How do we see these injuries Landing in a hyperdorsiflexed position. – FX 31.1% of the injuries in NCAA ISS – V 27.3% for a combined total of 58.4%. Warm up, cool down, S&C, other, UB, Beam – Skills Mostly large skills... Mostly backwards skills. – Double backflip (tucked, piked, laid out) – Full-in, full-out, double-double, triple double.
Gymnastics Explained Need large skills for points (to reach a 10.0 for WGM or to increase D Score for MGM) – A-E skills Do backwards because it is easier to spot landings and more consistent. Women have to do one forward skill and that’s all they usually do. Men can do 1/2’s so you end up rolling out. Unfortunately lots of power to rotate twice and lots of force c landing 5.0x body weight at take-offs and 17.5x BW at landings – McNitt-Gray J – Same goes for vaulting
Backwards Over Rotation Video
Fwd Under Rotation Video
Fwd Over Rotation
Other Problem Events Vault! Dismounts on Men’s Pbars All other dismounting events Not so much for twisting activities even for back twisting
Treatment Acute Treatment – Follow impingement tx’s of shoulder – Bring down during inflammatory phase – RICE and protect from activity. – ROM Wall stretches, kneeling stretches, Toes under, toes out. – Strengthening.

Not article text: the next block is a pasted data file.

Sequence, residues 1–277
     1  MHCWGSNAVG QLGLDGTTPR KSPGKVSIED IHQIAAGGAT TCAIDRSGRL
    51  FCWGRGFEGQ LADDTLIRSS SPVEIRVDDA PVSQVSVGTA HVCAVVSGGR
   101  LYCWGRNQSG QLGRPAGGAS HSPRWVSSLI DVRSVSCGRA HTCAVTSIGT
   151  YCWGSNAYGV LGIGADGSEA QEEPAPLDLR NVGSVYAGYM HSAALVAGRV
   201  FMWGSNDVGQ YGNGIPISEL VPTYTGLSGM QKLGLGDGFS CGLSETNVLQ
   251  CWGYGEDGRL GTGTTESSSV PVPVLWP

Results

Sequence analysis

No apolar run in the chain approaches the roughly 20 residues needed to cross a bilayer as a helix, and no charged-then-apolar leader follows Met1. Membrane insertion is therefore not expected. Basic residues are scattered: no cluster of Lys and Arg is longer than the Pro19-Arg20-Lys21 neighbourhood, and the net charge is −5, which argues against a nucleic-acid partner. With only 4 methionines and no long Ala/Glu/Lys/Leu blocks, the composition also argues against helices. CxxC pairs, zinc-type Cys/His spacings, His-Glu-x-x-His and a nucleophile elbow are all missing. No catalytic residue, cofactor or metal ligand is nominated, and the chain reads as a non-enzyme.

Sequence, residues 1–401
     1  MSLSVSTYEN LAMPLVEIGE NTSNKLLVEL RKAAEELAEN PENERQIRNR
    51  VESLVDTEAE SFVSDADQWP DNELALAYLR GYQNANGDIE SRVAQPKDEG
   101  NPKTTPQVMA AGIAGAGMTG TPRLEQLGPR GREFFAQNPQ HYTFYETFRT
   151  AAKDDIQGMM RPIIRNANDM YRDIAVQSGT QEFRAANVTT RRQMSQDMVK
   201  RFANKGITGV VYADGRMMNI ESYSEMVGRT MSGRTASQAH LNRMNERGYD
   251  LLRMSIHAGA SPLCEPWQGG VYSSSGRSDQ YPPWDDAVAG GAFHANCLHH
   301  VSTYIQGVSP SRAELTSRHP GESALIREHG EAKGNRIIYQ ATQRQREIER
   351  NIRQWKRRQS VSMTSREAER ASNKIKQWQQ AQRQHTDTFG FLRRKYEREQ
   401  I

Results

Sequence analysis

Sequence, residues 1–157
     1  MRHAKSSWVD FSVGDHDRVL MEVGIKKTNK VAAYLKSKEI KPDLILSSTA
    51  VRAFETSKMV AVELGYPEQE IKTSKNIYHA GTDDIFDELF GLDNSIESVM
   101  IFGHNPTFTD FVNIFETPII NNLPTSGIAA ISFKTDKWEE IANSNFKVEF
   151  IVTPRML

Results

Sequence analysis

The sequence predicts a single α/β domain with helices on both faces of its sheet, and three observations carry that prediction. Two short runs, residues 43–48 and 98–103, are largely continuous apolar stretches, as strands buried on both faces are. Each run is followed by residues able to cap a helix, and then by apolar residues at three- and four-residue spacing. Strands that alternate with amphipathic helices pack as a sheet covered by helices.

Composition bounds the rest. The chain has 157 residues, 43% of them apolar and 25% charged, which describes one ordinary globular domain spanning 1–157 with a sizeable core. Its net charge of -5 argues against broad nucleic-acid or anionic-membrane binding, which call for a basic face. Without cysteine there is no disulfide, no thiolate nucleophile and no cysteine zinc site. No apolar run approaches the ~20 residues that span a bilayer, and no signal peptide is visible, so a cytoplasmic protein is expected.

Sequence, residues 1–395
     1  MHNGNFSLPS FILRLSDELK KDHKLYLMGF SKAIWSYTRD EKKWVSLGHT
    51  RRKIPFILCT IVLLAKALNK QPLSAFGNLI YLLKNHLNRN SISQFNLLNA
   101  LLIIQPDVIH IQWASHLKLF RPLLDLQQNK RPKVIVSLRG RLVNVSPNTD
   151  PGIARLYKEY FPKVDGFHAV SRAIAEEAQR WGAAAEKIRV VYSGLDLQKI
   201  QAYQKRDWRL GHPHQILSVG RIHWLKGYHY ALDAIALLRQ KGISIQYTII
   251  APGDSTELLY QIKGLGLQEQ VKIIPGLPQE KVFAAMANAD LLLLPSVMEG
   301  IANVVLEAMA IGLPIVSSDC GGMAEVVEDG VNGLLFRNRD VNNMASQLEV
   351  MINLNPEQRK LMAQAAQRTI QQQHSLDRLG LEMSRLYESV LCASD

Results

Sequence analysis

Chronic Treatment Bring down during the inflamm phase Strengthening Assist in plantarflexion anything SL Squats B Heel raise Step up plus Weighted bounces Toe Walks Eccentric heel raises Intrinsics to take up the load – Marbles – J’s – Towel Scrunches – Arch-ups Knee and Hip – Candle stick jumps ups – lunge jump – Box jumps – Fails SL
Rehab All conservative rehab is stretching and strengthening –Jackie Alvis We haven’t mentioned any stretching. Mechanical problem
Textbook Orthopaedic Recommendations Orthopaedic recommendations are “appropriately placed injections or heel lifts” Dry needling with injection of steroid and local anesthetic can be performed under ultrasound guidance allowing a return to previous levels of activity even in elite athletes, but this technique has not been evaluated in the literature
Goals Avoid Landing Short! Extra power at take off extra absorption of forces at landing Landing technique – rolling fails – twisting fails – fwd landing/backwards landing
Gymnastics Tricks of the Trade Appearance must be uniform 30 seconds for injury or blood – beam and bars Taping no rules – Appearance should be uniform – Cover c coflex Posterior track straps – place in plantar flexion – Elastikon – theraband Anterior limits – Fx and vault events tennis ball in the front of the ankle. – UCLA team NCAA champs 2010